Two Easy Ways to Get Started With TypeScript and React

Two Easy Ways to Get Started With TypeScript and React

Setting up a build process for a modern web application can be a tedious process. Knowing your tools is important when you're going to maintain the software. When you want to learn a programming language or experiment with an idea, you want to get started fast without learning all the nitty-gritty details of each step in the build process. In this blog post, I'll show two easy ways to bootstrap a TypeScript project with React installed.


Create-React-App from Facebook is a way to get started with React without any configuration. CRA is a perfect starting point for JavaScript-based React development as it gives tested build configuration, development server, environment-specific settings, etc.

Unfortunately, TypeScript users lose one of the main advantages, the zero-configuration, as to support TypeScript the black box needs to be opened and configuration changes have to be made.

Will Monk and contributors have tackled this issue by forking the underlying create-react-app build scripts. The forked scripts are called create-react-app-typescript.

When you're creating an application using Create-React-App, you need to give the TypeScript configuration files to it.

create-react-app my-app --scripts-version=react-scripts-ts

The Microsoft GitHub organization has a repository with an extensive React + TypeScript guide. I highly recommend to read it if you choose to go Create-React-App-TypeScript route.


The FuseBox is a bundler/module loader that supports TypeScript out of the box. FuseBox contains a lot of useful features regardless if you're using TypeScript or not, so it is something to check out.

The FuseBox is configured using code. In its simplest form working TypeScript build configuration would look something like this:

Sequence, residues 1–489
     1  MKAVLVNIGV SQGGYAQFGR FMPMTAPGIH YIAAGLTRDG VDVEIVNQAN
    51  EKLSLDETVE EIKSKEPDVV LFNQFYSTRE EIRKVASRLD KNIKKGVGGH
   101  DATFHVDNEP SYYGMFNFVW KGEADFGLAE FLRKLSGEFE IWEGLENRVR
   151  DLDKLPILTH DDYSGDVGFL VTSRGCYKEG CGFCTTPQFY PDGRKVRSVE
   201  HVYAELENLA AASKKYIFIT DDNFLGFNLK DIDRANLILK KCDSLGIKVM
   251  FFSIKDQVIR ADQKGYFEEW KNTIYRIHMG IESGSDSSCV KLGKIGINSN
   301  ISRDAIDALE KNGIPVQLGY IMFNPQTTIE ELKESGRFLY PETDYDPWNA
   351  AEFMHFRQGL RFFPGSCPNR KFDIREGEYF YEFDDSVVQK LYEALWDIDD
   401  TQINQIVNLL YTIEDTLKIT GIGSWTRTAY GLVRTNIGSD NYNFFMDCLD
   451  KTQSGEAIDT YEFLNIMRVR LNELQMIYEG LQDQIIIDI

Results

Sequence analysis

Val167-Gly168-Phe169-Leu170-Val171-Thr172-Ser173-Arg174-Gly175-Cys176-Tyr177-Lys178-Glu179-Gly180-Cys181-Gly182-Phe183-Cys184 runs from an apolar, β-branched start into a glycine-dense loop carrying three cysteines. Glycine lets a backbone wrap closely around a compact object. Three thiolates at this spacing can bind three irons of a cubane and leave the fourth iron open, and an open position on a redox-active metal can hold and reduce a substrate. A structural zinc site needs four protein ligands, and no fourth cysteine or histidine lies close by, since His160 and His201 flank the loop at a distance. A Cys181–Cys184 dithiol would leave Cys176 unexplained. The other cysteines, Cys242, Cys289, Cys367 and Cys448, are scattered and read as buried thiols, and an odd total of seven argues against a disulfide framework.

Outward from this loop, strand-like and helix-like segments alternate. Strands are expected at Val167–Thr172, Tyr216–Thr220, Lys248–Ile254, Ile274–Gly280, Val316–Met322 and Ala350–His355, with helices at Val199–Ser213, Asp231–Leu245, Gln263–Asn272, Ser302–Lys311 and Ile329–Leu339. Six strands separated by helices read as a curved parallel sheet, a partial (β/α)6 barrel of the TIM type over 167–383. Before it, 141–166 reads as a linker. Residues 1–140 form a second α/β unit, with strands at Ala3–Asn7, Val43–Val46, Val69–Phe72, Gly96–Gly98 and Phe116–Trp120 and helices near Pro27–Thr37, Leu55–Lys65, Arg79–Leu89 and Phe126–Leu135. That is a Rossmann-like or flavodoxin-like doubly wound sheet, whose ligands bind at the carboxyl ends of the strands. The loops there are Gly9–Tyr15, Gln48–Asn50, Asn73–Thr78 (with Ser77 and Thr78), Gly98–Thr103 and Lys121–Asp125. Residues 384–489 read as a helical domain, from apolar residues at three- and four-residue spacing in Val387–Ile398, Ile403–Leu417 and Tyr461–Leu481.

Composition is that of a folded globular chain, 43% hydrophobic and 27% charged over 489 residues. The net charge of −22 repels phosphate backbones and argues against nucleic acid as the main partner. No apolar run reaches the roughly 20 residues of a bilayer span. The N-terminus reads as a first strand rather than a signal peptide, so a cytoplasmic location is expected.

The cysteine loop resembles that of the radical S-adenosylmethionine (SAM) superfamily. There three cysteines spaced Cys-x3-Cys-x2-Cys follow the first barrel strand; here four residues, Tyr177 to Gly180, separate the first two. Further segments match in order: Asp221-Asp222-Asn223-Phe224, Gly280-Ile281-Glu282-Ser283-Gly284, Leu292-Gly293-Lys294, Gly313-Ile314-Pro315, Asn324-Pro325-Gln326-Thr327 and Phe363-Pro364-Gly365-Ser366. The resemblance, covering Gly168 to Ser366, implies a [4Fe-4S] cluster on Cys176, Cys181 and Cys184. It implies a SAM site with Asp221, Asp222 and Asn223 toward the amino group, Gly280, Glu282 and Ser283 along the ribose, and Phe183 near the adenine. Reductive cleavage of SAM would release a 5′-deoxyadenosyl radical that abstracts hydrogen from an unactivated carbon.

const { FuseBox } = require("fuse-box");

const fuse = FuseBox.init({
    homeDir: "src/",
    output: "dist/$name",


After requiring the fuse-box package, the initialization takes source code folder (homeDir) and output file. Note the $name which is a variable that refers to the bundle name. The $name allows generating multiple output files to the same output folder.

The next step is to describe the bundle. By giving TypeScript entry file, the FuseBox determines the dependency graph. For example, TypeScript files could require/import SCSS stylesheet files, and those would be bundled also. Requiring something else than TypeScript files will require adding a plugin, but most of the plugins require zero configuration.

Finally, by executing run, the bundle will be created.

Other alternatives

TypeScript's home page has an article called Integrating with Build Tools which covers all the popular build tools. The article only describes the TypeScript part of the build process and doesn't cover React (files with .tsx filename extension).

Webpack is currently a popular choice for module bundling. It can be a bit overwhelming with all its plugins and configurations, but TypeScript team has written an article that covers TypeScript and React which should get you to productive phase quite quickly.

If you have found a tool that makes TypeScript and React set-up breeze, let me know!

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